Stories: the power of narrative across research and engagement

Egyptian Hieroglyphs with tourist archeologist silhouettes

Exploring the power of storytelling and why we need stories within and beyond academia, to inspire, engage and inform.

Let me tell you a story…

Perhaps like me, you have also been gripped by the lure of storytelling in all its forms, from fact to fiction, pictures to sounds, and everything in-between.

For the last 14 years, as Head of Research Development at the British Library, I have literally been surrounded by stories. All forms of human creativity, across a myriad of formats, from all over the world. Some of these stories were created yesterday, some date back millennia.

Such boundless creativity across disciplines and distances, with humanity at its heart, is also at the centre of AHRC’s vision as AHRC Executive Chair Professor Christopher Smith recently pointed out. And as AHRC Director of Research Dr Jaideep Gupte has reflected: an inclusive approach to research and collaboration is also about shaping how we value each other.

I am excited to join them and other AHRC colleagues to become part of this story as the new Director of Partnerships and Engagement.

A rich diversity of stories

A vertical garden exterior contrasting with old and new building architecture and red London bus

Credit: JohnnyGreig, iStock via Getty Images

Christopher has written of the importance of narrative skills to equip academics and professionals with the ability to resonate, inspire and communicate for different purposes, across disciplines and beyond academia.

In a different context, UKRI Chief Executive Dame Ottoline Leyser has highlighted how certain narratives such as that of the ‘lone genius’ researcher can be unhelpful. She has also championed the diversity of stories that more accurately reflect UKRI research, innovation, and partnerships.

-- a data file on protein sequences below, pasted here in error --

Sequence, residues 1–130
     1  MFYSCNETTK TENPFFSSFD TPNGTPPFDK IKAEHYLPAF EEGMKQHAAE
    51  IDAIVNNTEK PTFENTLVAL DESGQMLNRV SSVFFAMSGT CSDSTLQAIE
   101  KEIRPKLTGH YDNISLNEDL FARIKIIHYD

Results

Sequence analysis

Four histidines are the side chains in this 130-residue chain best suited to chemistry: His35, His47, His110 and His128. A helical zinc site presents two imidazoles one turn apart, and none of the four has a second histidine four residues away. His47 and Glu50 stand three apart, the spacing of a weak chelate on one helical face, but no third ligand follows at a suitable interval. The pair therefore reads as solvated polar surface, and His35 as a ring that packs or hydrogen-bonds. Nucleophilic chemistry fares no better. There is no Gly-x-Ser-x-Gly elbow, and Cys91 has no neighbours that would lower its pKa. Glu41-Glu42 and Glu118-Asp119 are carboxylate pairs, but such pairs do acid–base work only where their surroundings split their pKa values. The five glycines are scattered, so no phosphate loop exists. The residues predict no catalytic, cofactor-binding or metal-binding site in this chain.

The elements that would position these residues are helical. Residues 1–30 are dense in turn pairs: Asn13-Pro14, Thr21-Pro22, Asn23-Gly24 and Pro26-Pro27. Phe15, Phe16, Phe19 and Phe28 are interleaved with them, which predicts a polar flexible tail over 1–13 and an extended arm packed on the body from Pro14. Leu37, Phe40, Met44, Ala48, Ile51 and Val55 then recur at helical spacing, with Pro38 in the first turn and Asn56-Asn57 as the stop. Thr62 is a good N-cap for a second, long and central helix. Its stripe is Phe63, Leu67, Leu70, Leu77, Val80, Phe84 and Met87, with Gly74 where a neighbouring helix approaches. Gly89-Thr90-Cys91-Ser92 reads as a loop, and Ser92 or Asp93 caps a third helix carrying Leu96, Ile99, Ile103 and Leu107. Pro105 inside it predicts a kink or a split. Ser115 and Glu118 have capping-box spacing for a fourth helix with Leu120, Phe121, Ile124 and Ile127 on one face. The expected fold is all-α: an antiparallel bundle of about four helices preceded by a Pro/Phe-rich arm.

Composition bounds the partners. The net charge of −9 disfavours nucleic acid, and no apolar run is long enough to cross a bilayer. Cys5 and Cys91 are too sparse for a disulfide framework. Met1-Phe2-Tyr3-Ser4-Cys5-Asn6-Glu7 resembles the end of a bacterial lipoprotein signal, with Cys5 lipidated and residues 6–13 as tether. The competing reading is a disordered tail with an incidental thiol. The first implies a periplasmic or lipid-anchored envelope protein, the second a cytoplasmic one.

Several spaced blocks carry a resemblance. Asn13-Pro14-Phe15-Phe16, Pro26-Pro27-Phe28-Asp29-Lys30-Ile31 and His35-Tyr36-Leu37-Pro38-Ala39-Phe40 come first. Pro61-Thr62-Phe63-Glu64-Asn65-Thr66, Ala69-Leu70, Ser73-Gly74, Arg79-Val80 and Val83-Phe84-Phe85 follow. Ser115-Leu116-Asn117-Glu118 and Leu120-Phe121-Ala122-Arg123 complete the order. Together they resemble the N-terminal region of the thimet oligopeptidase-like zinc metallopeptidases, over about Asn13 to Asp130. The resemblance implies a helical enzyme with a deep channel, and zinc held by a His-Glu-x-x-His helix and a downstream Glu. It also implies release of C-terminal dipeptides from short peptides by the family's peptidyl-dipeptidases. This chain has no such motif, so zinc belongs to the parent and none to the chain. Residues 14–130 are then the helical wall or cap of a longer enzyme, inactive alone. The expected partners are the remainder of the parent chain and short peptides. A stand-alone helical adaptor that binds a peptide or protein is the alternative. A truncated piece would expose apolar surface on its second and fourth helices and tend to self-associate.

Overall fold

Narratives shaping society

Narratives shape not only research, but many aspects of contemporary society, from the environment to the economy, and how we respond to change. We know from history that the power of narrative is intergenerational, shaping our own identities and families, communities and nations.

We can see this across AHRC’s thematic programmes, in which narrative and identity is embodied in:

  • design
  • creativity
  • place
  • cultural engagement.

Telling stories through our great collections

Research data and heritage collections, and more specifically their interpretations, are also forms of narratives. The stories we tell through or about them are influenced by past and current attitudes and biases.

The AHRC programme Towards a National Collection is exploring these themes and through digital technologies and data at scale. It is connecting stories across the UK’s museums, libraries, galleries, and archives and encouraging the public to explore our shared heritage in new ways.

Young woman wearing virtual reality headset in museum of modern art

Credit: SeventyFour, iStock via Getty Images

This entanglement of research and engagement has been a major theme of my own career, in which research and partnerships have underpinned exhibitions and the presentation of collections. These approaches have challenged previous ways of seeing and created new stories for different audiences.

It’s great to see a similar approach so beautifully illustrated in the diversity of topics covered in the AHRC Research in Film Awards and and AHRC-BBC New Generation Thinkers scheme.

The start of a new chapter

I am looking forward to working with UKRI colleagues and our many partners to generate inspiring and challenging stories:

  • within and beyond academia
  • through research partnerships
  • through co-creation
  • through engagement
  • through enabling access to culture.

These stories will inspire, engage, and inform. They will also directly influence our wellbeing, our society and how we think about the future of our planet.

To be continued…as they say in all the best stories.

Top image:  Credit: PeskyMonkey, iStock via Getty Images

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